"The angel in Sally Rippin's latest book is not the angel of current popular culture imaginings. While an entirely original creation, it's closer to David Almond's eerie 'Skellig' than to the mass-produced, cookie-cutter angels that are pouring out of so many mediocre writers. Rippin's angel is a mangy, feral being, wild and inarticulate, yet somehow beautiful.
Jelly has just moved with her mother, father and Nonna from the outer to the inner suburbs, into a new house that backs on to the Merri Creek in Melbourne's north. She's to start at a new high school in the new year and is on the cusp of great change. Christmas should be a respite, but when she and her cousins Gino and Pik find an injured angel in the creek and decide to rescue and heal it, the pace of change accelerates.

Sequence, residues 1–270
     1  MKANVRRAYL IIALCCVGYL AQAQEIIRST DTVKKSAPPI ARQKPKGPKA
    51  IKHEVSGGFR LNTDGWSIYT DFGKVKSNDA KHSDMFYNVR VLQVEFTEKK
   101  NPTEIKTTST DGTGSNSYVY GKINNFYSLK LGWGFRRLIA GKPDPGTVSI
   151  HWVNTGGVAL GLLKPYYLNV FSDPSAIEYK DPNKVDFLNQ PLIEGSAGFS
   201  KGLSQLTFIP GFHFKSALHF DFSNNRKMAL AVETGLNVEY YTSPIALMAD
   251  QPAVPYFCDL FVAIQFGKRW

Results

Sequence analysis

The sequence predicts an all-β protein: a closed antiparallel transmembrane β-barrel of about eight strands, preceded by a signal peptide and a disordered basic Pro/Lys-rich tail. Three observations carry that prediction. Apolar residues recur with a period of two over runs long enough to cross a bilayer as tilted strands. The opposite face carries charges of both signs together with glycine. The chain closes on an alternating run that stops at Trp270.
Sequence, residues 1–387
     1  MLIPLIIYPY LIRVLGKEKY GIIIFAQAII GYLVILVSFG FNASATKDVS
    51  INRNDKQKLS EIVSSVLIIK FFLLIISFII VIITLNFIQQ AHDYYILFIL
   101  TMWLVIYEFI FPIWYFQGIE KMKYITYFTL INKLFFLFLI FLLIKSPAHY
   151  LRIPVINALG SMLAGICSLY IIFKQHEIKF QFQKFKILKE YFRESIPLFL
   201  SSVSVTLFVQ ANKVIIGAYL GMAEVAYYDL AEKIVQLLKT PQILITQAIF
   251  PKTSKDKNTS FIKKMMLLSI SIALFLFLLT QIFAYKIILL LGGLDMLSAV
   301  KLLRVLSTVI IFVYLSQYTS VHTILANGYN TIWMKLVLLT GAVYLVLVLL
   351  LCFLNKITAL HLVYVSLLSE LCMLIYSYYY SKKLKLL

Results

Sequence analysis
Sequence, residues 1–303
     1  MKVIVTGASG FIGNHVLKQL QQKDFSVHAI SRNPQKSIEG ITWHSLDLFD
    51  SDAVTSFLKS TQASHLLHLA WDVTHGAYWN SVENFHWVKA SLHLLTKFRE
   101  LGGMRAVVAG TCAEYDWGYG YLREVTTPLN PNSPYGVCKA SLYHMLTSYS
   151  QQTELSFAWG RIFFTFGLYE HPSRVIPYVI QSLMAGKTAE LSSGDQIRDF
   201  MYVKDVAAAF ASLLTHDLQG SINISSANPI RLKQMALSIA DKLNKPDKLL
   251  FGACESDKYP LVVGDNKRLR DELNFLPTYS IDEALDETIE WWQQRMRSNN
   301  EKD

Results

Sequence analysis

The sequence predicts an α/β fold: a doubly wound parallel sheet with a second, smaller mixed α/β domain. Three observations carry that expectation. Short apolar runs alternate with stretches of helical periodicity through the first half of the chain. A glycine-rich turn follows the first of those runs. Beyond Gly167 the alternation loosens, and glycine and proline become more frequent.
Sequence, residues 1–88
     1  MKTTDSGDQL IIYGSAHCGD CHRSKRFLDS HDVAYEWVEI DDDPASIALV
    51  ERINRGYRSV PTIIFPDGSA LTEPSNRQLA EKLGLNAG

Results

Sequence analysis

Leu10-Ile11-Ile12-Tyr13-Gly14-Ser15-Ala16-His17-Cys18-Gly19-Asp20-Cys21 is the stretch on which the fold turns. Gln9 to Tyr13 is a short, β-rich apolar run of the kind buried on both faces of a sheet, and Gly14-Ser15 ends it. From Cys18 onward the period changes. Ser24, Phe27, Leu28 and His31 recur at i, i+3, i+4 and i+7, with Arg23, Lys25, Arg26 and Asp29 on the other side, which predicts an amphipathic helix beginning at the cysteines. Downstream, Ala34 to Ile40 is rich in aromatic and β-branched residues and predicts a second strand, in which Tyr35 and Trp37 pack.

Nonna is taken to hospital, Jelly and Gino confront the local bullies, Jelly feels the butterflies of potential adolescent love, and all the while she is looking after this wild creature, thinking about what she wishes for.
Although the angel is fantasy, the novel is otherwise entirely realistic. Jelly is a finely portrayed pre-teen, and Rippin is equally adept at capturing subterranean emotion as she is at creating authentic family relationships and writing evocative descriptions of place.
This novel for children in the middle to upper years of primary school (older readers will appreciate it too) is anything but feral, mangy or inarticulate - it is as beautiful and mysteriously magical as the angel."
- Lorien Kaye, Saturday Age, March 5.